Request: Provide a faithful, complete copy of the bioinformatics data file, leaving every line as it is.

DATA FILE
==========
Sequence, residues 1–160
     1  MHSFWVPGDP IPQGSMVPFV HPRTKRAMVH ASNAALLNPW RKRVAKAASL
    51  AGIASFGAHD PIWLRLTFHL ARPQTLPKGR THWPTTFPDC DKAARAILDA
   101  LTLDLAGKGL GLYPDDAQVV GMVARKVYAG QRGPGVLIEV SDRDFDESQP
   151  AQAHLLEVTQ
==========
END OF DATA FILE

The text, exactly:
Sequence, residues 1–160
     1  MHSFWVPGDP IPQGSMVPFV HPRTKRAMVH ASNAALLNPW RKRVAKAASL
    51  AGIASFGAHD PIWLRLTFHL ARPQTLPKGR THWPTTFPDC DKAARAILDA
   101  LTLDLAGKGL GLYPDDAQVV GMVARKVYAG QRGPGVLIEV SDRDFDESQP
   151  AQAHLLEVTQ